I also really appreciated Liane Balaban's Amelia in this episode. The scene in which Amelia finished Sam's sentences in the motel room had genuine chemistry; like the scene in Heartache when she surprised Sam with a birthday cake, this one resonated with a true relationship. I came down not liking Amelia because she proved to be a weak character, not – to my mind, anyway – a worthy match for Sam, but in this episode, Liane Balaban made her a real person.

Ty Olsson has been an absolute delight as Benny all this season. His depiction of both Dean's staunch companion in Purgatory and a complex, conflicted man back in the world plagued with addiction issues and the determination to do right has won my heart. I've made no secret of my hope that Benny's story gets to play out well in the end. I'd like to see more of Benny, and a lot more of Ty even outside of Supernatural. I'm still hoping to be able to see his performance in Borealis one of these days. Osric Chau's Kevin has grown tremendously since his first appearance last season, and his resigned but determined weariness made me ache for him.

Misha Collins as Castiel sold the angel's confusion, fear, and distress, torn between Naomi's orders, his own fragmented memories, and his positive need to save one angel after having destroyed so many during his Leviathan-inspired power madness. As a long-time fan of Stargate SG-1, I've definitely been enjoying Amanda Tapping's guest turn as Naomi even though I loathe what Naomi is doing. I'm looking forward to learning exactly what is driving her and whether she'll prove an enemy, as she currently appears, or transform into someone with laudable goals who's making choices every bit as bad as the ones Castiel made when he was Leviathan-mad. And while I'm talking angels, I have to say I will miss Tyler Johnston's Samandriel. Dean hit the nail on the head when he called Alfie “Heaven's most adorable angel.” His touching faith in Castiel and his statement that he believed having too much heart had always been Castiel's problem cemented his place in my heart back in What's Up, Tiger Mommy?, and I hope that whenever Naomi is called to account for her actions, her sentence will be carried out in Samandriel's name.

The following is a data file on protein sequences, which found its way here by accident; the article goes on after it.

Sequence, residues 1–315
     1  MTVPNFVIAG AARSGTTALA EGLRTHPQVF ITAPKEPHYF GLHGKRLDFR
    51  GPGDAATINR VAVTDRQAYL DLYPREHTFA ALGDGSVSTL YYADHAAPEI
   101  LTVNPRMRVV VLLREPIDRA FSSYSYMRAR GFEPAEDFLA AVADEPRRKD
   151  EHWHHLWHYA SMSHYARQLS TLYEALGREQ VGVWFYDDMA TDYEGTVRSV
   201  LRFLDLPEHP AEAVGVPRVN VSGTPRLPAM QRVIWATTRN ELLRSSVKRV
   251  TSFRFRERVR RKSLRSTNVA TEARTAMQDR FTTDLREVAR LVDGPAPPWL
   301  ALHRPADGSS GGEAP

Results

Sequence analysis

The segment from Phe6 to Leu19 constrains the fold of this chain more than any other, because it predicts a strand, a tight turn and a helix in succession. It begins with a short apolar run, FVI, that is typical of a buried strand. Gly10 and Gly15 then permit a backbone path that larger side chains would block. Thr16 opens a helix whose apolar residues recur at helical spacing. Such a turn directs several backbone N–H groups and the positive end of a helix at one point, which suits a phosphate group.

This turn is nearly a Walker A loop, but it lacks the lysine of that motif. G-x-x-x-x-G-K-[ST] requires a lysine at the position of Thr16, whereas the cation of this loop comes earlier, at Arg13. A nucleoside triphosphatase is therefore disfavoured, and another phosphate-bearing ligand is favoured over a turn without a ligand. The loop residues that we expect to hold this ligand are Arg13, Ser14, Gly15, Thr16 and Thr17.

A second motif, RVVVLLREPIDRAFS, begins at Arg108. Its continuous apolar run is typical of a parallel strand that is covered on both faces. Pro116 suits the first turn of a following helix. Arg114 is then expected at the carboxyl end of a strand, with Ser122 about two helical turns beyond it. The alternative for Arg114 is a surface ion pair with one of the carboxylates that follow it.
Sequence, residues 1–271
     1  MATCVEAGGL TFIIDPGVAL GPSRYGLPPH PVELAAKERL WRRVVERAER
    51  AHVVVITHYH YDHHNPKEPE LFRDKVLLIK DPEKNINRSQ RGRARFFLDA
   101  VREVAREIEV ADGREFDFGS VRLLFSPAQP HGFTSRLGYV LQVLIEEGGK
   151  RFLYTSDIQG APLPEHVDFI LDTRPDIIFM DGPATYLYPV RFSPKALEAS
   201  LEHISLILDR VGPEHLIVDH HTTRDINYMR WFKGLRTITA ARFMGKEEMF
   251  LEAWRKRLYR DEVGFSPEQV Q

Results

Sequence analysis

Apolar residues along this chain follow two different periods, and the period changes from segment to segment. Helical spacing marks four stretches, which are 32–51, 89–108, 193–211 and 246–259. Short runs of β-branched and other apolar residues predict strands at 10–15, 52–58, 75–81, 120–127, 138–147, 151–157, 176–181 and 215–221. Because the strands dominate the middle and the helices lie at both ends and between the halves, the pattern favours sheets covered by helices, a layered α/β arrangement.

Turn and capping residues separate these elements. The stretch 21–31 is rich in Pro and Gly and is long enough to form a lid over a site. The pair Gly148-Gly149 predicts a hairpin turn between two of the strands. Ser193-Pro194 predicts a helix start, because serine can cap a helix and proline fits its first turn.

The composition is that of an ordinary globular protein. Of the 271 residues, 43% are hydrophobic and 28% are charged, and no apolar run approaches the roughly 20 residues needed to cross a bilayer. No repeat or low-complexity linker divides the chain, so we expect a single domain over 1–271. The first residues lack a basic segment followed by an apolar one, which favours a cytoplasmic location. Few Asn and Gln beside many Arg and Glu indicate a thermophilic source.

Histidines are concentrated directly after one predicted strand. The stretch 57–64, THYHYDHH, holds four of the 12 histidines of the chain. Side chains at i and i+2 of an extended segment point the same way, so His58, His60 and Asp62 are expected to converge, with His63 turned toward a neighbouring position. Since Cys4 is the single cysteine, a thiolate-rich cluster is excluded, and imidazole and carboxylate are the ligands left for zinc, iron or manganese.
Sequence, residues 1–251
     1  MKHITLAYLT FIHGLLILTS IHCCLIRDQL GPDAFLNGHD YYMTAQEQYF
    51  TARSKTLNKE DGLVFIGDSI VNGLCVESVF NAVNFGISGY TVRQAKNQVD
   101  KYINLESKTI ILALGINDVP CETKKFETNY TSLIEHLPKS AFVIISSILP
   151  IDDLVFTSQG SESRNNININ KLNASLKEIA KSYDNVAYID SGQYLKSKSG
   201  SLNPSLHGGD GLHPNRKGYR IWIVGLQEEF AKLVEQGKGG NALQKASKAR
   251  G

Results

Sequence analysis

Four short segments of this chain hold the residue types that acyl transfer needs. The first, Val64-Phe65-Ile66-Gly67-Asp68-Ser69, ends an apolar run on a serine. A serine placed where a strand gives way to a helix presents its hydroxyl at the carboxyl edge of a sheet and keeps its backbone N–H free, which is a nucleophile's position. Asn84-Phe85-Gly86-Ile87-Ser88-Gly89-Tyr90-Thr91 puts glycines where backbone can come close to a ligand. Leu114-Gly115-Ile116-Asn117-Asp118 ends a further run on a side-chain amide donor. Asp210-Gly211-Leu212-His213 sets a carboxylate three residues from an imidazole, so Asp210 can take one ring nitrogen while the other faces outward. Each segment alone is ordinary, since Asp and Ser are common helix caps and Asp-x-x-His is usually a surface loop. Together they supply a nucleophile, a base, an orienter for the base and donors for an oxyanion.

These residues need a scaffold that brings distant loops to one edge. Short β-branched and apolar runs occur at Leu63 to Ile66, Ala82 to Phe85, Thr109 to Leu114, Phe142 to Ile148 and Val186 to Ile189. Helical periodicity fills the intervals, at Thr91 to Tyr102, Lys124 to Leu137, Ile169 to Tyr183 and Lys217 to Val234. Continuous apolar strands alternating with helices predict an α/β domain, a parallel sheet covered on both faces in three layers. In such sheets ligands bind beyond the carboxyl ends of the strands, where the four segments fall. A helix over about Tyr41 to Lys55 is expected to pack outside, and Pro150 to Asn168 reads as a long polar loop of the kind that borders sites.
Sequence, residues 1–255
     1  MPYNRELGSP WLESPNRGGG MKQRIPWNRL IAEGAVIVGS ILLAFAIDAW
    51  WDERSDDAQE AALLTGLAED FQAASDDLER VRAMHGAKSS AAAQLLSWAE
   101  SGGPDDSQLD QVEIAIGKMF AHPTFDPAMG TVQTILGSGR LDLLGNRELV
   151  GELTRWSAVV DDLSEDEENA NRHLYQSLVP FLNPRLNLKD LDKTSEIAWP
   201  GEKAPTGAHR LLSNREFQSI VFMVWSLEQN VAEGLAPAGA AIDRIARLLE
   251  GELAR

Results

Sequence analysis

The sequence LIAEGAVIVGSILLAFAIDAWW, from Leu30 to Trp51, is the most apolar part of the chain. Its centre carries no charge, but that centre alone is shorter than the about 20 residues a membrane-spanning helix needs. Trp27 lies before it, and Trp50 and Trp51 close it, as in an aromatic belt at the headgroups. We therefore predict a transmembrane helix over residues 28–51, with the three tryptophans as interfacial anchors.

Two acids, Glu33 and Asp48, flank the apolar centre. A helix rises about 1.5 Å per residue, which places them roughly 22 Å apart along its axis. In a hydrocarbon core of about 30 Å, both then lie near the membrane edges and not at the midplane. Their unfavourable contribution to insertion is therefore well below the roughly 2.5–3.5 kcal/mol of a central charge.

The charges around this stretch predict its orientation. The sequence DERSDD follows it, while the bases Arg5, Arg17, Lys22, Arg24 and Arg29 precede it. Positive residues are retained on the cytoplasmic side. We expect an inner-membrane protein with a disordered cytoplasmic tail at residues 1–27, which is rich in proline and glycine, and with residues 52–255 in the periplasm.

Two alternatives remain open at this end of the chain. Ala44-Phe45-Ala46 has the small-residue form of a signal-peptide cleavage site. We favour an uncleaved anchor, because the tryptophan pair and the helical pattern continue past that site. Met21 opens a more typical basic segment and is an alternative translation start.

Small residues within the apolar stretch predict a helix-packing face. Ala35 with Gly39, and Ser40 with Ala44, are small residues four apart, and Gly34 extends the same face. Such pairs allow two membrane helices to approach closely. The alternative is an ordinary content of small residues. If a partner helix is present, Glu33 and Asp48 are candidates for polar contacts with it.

I know I've been missing in action from commentary during much of this season so far, but I have to say I've been enjoying what showrunner Jeremy Carver has brought to the table. I'm in for the long run, and I can't wait to see where we go from here, with Sam and Dean back together again. And while their coats are torn and frayed and have seen much better days, as long as this show plays, they'll steal my heart away.

Tags: castiel, dean winchester, episode commentaries, jared padalecki, jensen ackles, meta, misha collins, myth, philosophy, psychology, robert singer, sam winchester, supernatural, supernatural university, television production, theology, winchester family business